If the automaker had its way, the compact Alfa Romeo 156, introduced in 2004, would have been a lightweight, rear-wheel drive sports sedan.
Unfortunately for Alfa, the 156 was dragged down by parent company Fiat’s joint venture with General Motors. The 156 ended up riding on GM’s heavy, front-wheel drive ‘Premiuim Platform’, which gave it a larger and comfier cabin than the 156 it replaced, but at the cost of driving dynamics.
With the new Alfa Romeo Giulia, the automaker is finally getting the chance to build the car it wanted to in the early 2000s. The Giulia and its light, rear-wheel drive Giorgio platform were Alfa’s doing from the get-go and it shows – the car has been lauded by reviewers for its handling prowess and overall on-track performance.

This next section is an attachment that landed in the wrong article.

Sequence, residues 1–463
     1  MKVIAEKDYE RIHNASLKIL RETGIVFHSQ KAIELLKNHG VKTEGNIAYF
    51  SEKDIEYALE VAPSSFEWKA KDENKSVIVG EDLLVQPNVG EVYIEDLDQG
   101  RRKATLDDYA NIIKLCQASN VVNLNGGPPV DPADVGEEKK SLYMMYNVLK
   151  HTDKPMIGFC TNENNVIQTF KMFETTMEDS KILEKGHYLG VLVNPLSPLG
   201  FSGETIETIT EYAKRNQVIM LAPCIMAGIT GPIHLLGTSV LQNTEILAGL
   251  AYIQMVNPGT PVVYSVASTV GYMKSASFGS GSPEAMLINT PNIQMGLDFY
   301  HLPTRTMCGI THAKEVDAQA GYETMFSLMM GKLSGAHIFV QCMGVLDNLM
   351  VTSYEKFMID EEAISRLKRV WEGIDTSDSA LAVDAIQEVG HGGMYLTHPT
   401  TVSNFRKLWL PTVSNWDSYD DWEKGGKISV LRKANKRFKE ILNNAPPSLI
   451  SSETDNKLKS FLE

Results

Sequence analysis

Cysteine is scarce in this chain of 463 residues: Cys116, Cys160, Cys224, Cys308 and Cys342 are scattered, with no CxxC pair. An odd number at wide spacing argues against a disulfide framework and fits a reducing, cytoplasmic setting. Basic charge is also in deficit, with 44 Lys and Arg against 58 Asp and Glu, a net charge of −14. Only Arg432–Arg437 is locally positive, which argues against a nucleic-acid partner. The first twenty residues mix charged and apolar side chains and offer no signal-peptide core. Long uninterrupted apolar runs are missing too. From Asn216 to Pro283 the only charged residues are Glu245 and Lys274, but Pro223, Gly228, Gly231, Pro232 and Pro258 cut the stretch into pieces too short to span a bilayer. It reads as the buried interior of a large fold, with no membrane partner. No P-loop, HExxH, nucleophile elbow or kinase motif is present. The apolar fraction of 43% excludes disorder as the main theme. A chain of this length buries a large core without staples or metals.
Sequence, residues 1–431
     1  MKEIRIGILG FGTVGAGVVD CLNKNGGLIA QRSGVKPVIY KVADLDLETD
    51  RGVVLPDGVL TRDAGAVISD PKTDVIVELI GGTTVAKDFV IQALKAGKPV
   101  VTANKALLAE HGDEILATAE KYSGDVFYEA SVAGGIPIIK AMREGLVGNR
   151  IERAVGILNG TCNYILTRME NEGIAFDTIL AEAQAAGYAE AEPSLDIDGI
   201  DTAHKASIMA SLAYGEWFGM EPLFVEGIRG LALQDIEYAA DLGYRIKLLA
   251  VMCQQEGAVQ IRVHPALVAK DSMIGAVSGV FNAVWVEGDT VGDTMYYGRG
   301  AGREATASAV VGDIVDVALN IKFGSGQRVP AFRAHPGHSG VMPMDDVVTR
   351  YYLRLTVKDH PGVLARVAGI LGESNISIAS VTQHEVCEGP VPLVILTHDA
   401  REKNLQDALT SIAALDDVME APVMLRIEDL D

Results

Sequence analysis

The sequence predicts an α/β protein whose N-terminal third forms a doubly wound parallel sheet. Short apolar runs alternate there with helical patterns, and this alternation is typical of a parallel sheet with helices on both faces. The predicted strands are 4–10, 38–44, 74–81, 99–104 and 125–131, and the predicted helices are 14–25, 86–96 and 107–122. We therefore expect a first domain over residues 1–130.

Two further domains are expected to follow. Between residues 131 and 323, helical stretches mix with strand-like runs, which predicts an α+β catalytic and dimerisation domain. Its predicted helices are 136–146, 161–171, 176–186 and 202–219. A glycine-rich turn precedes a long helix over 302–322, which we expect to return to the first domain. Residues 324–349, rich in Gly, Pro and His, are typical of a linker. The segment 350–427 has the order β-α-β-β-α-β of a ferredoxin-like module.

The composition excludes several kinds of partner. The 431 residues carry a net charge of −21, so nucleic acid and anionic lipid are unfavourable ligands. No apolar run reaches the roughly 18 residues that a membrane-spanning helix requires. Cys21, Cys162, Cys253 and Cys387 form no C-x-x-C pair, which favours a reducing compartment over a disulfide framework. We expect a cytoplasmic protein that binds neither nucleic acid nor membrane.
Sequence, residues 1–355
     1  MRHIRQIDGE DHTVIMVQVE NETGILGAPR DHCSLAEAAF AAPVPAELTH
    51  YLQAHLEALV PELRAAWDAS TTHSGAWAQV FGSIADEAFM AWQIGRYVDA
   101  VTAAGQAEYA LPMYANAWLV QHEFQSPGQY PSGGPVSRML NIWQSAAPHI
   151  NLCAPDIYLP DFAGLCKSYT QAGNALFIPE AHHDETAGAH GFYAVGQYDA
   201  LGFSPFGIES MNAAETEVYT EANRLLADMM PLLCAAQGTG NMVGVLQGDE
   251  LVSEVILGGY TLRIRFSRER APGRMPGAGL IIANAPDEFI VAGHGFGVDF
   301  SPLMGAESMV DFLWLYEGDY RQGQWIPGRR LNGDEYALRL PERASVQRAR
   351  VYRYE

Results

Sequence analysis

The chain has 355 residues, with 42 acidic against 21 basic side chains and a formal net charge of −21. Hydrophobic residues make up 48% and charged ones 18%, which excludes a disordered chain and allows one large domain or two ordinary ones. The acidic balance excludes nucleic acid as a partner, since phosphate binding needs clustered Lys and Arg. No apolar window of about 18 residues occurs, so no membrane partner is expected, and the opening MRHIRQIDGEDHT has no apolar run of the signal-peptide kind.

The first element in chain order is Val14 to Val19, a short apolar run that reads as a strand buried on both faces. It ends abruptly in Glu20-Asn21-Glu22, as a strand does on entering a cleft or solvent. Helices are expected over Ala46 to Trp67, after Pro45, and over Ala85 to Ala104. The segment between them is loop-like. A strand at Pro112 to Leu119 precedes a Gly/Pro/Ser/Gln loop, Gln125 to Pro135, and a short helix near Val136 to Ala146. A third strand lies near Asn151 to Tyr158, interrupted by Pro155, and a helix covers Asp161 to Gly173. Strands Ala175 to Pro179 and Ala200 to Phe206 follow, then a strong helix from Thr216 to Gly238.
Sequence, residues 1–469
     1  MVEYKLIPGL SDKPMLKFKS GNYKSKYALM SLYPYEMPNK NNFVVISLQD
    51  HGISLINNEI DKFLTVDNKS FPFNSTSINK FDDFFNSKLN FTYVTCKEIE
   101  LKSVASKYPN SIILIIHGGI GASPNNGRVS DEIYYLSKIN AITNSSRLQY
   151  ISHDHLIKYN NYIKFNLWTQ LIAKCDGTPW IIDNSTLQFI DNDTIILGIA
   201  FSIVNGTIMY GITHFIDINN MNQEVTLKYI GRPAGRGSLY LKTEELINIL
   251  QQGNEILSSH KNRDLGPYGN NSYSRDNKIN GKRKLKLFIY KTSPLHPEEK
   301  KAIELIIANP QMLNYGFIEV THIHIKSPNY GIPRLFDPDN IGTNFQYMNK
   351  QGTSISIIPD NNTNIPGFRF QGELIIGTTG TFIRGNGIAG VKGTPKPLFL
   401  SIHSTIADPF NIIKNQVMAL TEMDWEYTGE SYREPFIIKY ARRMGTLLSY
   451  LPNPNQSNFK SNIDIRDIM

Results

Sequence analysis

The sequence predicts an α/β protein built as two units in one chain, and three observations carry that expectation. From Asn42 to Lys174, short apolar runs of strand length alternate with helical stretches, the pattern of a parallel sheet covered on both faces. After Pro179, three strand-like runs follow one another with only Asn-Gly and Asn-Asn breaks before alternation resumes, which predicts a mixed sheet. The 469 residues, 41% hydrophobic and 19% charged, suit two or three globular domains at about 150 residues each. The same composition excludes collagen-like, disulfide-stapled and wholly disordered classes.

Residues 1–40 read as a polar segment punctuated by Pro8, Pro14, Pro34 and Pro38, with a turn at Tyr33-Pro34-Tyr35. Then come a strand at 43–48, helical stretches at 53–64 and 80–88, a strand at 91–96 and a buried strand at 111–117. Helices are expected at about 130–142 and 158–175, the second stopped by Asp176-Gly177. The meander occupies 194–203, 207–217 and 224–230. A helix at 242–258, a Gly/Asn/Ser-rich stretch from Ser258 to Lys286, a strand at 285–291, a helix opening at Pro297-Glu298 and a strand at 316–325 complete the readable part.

In 2003, GM pulled out of its partnership with Fiat. GM’s then head of product development, Bob Lutz, said the Premium platform would be “useless,” for GM, with the automaker cancelling the Cadillac, Buick and Saab models it had planned for it. The partnership turned sour for all involved, with GM losing billions of dollars and Alfa being left with a heavy, oversized front-wheel drive sedan.
“There was a lot of constraint,” Philippe Krief, the chief engineer of Giulia and 159, told Automotive News in a recent interview. “The platform was for GM as well, so we put everything on the car, and by the end, we were alone. But we kept the weight.”
Alfa’s Giorgio platform will now be used elsewhere in Fiat Chrysler’s portfolio, including on the coming Alfa Romeo Stelvio SUV. The automaker is hoping to deliver the most dynamically capable SUV ever with the Stelvio, and unlike GM’s Premiuim platform with the 156, it’s the perfect place to start.